The Environmental Protection Agency announced Friday that it reclassified Denver and Colorado’s northern Front Range as “severe” violators of air quality standards, meaning more stringent regulations are coming for businesses and consumers are likely to pay higher gas prices.
The move would force refineries to produce a special blend of gasoline for drivers in the nine-county northern Front Range during the summer months, which AAA estimates would cause gasoline prices to increase 20 cents to 30 cents per gallon next year.
The EPA announced in April that it planned to downgrade the region’s air quality after years of failures to reach National Ambient Air Quality Standards. The region’s previously had been listed as a “serious” violator of air quality standards, but it missed a July 2021 deadline to meet those standards, according to an EPA news release.
Because of the downgrade, the Colorado Air Pollution Control Division has estimated that nearly 500 businesses could be required to apply for Title V air permits because the threshold for acceptable ozone-creating emissions would drop. That possibility led the Colorado General Assembly this year to approve an additional $47 million for the division to hire more people and improve its air quality monitoring technology.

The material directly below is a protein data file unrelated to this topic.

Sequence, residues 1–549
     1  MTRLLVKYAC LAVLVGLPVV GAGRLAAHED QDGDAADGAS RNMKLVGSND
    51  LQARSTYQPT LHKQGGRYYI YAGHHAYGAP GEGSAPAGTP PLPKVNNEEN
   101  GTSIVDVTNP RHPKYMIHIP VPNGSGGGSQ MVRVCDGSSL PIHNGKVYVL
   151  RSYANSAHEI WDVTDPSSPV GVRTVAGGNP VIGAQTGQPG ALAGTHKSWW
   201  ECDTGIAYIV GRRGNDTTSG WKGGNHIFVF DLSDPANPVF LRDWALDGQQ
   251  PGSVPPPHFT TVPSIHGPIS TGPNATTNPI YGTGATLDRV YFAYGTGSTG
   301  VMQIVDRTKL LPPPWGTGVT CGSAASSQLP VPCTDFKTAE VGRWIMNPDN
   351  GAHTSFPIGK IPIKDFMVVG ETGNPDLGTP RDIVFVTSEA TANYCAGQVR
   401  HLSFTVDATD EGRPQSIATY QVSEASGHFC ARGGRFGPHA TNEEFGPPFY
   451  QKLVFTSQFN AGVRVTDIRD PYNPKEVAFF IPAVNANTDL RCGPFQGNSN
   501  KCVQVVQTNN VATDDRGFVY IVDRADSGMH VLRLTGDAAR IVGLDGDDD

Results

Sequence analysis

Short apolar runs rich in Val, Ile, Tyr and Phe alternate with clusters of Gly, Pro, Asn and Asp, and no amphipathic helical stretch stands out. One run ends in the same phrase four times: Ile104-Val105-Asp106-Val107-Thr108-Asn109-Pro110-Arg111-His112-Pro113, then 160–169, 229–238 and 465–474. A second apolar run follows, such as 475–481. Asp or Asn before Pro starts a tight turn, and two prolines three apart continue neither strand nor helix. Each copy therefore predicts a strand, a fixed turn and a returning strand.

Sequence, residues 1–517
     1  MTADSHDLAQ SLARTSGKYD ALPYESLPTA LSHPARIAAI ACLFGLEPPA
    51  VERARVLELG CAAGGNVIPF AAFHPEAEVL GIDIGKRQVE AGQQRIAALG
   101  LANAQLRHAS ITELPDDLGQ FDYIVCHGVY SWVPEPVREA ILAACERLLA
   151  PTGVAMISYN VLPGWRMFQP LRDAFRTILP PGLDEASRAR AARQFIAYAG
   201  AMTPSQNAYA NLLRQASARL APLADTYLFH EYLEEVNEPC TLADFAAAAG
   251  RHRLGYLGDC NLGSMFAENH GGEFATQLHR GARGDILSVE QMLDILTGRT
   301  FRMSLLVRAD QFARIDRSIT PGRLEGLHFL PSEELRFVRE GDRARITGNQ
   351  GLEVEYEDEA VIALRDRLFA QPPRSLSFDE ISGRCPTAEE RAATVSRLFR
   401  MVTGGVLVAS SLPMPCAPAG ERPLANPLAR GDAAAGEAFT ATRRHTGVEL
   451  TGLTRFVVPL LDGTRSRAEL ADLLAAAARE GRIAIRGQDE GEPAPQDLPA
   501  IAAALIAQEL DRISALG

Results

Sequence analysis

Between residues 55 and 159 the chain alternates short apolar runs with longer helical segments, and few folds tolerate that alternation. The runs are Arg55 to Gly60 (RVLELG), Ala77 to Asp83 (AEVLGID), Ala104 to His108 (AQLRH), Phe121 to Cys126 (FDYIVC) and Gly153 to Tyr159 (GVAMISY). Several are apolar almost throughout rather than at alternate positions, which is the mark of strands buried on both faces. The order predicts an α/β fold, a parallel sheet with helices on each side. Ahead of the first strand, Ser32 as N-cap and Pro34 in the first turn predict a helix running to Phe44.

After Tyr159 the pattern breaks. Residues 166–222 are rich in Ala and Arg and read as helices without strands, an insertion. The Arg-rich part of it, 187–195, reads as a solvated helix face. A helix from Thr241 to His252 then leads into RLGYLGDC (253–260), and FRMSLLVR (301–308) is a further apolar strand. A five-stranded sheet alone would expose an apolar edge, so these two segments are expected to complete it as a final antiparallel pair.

The new severe designation also will require motorists in nine counties along the Front Range to use reformulated gasoline, a special blend that reduces harmful greenhouse gas emissions. Gov. Jared Polis opposes the reformulated gasoline requirement but there is no provision under existing EPA rules that would allow Colorado to apply for an exception.
This is a developing story that will be updated.
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